It's no secret that we're big fans of Borracho's heavy riffs and stoner grooves here at Heavy Planet. Hell, we asked the guys to headline our CMJ Showcase in New York City last Fall and we're thrilled to be sponsoring their upcoming album release party at the Rock and Roll Hotel in Washington DC (that's next Friday, July 19th by the way). But perhaps most exciting of all, we're pleased as fucking punch to be offering you the very first taste of the band's new LP, Oculus…right here…right now. Yep, you read that right, the Borracho camp were kind enough to give Heavy Planet readers the exclusive opportunity to hear their new record in its entirety a full week in advance of its release. So settle in, hit play and come trip out with us as we get acquainted with what is sure to be the soundtrack to the rest of your summer. This is Oculus.
Now I'd be remiss if I didn't mention the underlying theme that seems to be infused into every aspect of this release, and that would be one of "addition through subtraction." Don't get me wrong, I mean no disrespect to original vocalist Noah Greenburg, who was excellent on the band's debut album Splitting Sky (and even better if you saw him live), but this marks the official debut of the band's leaner, meaner three-piece lineup that sees guitarist Steve Fisher stepping to the forefront, grabbing the reins so to speak, and taking Noah’s place behind the mic. So there's that.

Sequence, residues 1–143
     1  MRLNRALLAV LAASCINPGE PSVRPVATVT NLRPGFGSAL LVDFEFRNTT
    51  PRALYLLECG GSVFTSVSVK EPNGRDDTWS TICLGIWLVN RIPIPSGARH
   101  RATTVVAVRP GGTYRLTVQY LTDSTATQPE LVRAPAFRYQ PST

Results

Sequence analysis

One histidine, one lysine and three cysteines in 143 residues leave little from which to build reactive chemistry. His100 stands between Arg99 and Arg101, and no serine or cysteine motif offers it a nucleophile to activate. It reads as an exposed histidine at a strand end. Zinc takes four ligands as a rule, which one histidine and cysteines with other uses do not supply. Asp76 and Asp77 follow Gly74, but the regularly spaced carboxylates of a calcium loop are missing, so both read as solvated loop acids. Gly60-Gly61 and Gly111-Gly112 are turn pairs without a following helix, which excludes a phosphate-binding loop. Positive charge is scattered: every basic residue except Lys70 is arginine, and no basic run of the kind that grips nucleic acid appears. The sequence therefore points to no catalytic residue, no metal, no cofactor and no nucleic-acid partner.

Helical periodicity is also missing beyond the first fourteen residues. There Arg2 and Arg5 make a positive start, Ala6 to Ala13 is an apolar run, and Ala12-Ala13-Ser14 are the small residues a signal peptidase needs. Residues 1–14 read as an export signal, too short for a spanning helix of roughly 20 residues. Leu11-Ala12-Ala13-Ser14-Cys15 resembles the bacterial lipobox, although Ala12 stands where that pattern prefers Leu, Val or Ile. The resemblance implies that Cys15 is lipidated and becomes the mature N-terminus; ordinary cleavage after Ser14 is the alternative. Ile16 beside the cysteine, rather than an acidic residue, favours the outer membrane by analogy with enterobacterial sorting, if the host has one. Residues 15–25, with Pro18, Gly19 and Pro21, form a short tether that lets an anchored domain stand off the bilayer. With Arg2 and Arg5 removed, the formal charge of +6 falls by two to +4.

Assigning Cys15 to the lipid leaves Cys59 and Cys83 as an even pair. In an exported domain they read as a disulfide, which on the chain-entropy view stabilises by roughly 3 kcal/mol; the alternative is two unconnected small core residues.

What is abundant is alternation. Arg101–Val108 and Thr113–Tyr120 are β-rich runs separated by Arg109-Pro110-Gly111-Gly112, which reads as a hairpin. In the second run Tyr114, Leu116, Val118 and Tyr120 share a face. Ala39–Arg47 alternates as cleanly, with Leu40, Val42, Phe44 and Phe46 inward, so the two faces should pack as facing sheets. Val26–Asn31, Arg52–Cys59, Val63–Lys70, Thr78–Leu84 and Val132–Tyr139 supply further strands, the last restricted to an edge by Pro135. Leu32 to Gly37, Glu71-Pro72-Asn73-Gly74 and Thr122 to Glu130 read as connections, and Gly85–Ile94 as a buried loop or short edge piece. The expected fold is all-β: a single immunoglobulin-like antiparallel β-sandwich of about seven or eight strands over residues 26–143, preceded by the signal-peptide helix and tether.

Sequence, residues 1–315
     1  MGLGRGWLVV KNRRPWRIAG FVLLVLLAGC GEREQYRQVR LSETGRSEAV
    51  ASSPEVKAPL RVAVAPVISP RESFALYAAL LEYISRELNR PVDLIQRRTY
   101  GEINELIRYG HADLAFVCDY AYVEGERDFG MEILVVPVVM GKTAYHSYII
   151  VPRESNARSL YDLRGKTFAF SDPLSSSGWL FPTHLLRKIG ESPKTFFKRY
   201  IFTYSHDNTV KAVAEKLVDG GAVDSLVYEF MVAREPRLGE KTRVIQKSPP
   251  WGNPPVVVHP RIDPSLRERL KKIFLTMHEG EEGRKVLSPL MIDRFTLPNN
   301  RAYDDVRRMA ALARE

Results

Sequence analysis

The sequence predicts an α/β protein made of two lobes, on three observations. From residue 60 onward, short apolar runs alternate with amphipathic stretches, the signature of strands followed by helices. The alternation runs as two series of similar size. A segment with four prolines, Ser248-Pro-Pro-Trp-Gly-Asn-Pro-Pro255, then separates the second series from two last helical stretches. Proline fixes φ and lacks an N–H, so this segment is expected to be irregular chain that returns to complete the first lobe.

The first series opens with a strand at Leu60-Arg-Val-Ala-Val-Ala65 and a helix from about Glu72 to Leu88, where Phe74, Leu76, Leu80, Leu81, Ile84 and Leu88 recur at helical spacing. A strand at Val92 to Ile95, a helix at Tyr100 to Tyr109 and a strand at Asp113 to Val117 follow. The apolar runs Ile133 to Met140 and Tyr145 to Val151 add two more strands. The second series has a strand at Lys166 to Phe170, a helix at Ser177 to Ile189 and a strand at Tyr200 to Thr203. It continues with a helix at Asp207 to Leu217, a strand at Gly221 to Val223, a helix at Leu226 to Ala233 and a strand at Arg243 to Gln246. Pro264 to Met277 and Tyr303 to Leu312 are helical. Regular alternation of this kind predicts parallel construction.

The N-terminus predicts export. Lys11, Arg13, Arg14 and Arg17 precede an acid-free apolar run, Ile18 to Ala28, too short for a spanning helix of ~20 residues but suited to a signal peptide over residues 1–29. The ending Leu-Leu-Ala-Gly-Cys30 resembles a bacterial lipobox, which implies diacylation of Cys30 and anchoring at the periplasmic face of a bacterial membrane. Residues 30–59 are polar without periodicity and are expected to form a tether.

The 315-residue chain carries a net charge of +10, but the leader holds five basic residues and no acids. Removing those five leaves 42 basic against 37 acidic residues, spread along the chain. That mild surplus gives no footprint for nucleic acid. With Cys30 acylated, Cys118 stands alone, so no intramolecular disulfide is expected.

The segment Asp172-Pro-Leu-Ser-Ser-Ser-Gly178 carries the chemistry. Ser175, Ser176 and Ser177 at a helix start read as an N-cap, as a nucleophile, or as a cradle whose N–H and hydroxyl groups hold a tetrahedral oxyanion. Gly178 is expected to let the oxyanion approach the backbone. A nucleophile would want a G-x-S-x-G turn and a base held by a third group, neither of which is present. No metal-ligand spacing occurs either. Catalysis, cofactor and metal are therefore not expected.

But then there's also the more intrinsic fact that, despite its 38 minute run time, Oculus is comprised of only five tracks. Now as you and I both know this isn’t a style of music that places a value on quantity over quality and taken as a whole, these five songs combine to form an album that will transport you through a series of musical twists, turns, peaks and valleys all while paying tribute to the most important aspect of the genre…the almighty riff. For those familiar with Borracho this should come as no surprise, because at their heart, they’ve always been a band that demands the undivided attention of their listeners by way of extended jams that feature a multitude of time signatures and stylistic shifts. And from the very first note to the last fading remnant of reverb and through every nuance of the musical journey in between, such is the case with Oculus.
The album opens to the sound of a fluid bass line from Tim Martin that’s then joined by the heavy kick of Mario Trubiano’s bass drum and a delicate, yet psychedelic guitar lick from Fisher. And for what it’s worth, that’ll be the last time I use the word “delicate” in this review. A ghostly female voiceover hovers in the background adding depth to the buildup and then the hammer drops and the trio unleash the first of what will be many killer riffs to come. Collectively, Borracho grind out a solid, mid-tempo groove for the better part of this first track, entitled “Empty”, but then Fisher makes an abrupt turn into the fast lane and the song becomes an altogether different animal. It’s here that we get our first introduction to the guitarist’s vocal register, which you’ll immediately notice to be much cleaner, yet no less commanding than that of Greenburg. Also notable is the surprising range in Fisher’s delivery as he manages to slide up an octave, never quite reaching a scream, but carrying the song’s newfound pace through to its conclusion with an aggressive authority. “Pick up the pieces, try to move ahead…I won’t find my peace, ‘til he’s filled with lead”.